The Rotator Cuff

The rotator cuff is a group of four muscles that provide rotational movement and stability at the shoulder joint. It is comprised of the supraspinatus, infraspinatus, teres minor, and subscapularis muscles that originate at the shoulder blade and insert their tendons into the humerus (the long bone of the upper arm). While the rotator cuff allows for rotational movement at the shoulder, it also provides a lot of stability in this highly mobile ball and socket joint. The rotator cuff musculature pushes the ball towards the socket and helps initiate the first 15 degrees of abduction motion. The rotator cuff is very important in the stability of the shoulder joint.  

Rotator cuff injuries can vary in degree of severity. They can be acute and happen after a fall or trauma, or chronic and occur over time. The rotator cuff can develop tendinitis, can fray, or can become torn. Pain typically occurs along the front or side of the shoulder and can radiate down the side of the arm. Patients often present with pain reaching overhead or reaching behind them. In the incidence of a full thickness rotator cuff tear, patients may try to shrug their shoulder to activate arm movement or may not be able to abduct their arm out to the side at all.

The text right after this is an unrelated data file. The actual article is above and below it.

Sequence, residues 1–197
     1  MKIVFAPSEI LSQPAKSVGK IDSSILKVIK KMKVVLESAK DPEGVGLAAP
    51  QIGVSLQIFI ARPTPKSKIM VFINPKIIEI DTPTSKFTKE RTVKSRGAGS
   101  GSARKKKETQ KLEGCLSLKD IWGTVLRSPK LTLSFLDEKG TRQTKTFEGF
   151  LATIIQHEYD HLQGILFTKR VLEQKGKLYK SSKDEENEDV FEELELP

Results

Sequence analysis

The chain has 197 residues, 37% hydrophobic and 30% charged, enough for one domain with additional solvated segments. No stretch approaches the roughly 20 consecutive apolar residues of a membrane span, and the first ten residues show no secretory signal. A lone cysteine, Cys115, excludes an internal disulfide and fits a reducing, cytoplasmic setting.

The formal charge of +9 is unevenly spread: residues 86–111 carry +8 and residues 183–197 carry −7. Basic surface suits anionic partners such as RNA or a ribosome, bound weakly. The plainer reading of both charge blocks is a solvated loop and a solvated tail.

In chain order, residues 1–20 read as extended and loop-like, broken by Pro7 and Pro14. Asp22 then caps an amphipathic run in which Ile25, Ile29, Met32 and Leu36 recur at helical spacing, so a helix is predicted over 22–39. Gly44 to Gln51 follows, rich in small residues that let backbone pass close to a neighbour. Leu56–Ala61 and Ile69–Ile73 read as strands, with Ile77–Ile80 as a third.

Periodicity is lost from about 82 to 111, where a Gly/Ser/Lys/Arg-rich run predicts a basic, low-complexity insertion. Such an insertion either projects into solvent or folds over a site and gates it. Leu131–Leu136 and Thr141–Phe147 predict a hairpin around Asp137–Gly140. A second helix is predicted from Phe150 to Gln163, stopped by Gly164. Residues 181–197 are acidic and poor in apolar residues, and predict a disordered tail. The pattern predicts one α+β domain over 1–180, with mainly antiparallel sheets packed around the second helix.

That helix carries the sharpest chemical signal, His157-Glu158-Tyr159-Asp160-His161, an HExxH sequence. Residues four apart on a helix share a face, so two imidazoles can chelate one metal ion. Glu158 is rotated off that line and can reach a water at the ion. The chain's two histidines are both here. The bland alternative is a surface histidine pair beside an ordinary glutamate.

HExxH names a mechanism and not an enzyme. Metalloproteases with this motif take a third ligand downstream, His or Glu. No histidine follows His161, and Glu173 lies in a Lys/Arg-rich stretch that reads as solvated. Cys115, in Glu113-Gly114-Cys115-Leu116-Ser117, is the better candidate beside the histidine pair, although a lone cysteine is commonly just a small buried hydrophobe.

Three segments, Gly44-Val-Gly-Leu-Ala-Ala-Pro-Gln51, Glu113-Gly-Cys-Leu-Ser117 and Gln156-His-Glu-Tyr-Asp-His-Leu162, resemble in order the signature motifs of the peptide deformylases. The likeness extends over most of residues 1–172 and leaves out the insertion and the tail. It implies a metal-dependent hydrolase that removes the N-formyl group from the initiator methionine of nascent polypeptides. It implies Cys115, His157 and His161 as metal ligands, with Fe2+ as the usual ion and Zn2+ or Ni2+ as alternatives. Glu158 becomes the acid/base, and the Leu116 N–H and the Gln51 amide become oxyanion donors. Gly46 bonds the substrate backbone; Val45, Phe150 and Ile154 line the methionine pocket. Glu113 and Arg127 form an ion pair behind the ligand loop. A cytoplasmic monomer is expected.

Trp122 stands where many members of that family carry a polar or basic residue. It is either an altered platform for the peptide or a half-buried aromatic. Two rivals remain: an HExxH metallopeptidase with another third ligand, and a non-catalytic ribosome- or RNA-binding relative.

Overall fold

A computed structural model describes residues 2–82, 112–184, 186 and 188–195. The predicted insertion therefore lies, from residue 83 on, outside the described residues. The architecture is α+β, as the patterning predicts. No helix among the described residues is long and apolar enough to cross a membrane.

If you have been experiencing shoulder pain, a thorough evaluation by an orthopedic specialist can help determine if the rotator cuff is involved.  Xrays can show if there are any chronic changes and in severe cases can show if the ball is not sitting properly in the socket. Rotator cuff injuries can be seen on MRI or dynamic diagnostic ultrasound imaging. If you have been having shoulder pain or limitations in movement, contact Sports and Orthopaedic Specialist today for your shoulder evaluation.  

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Nicole D'Apice PA-C

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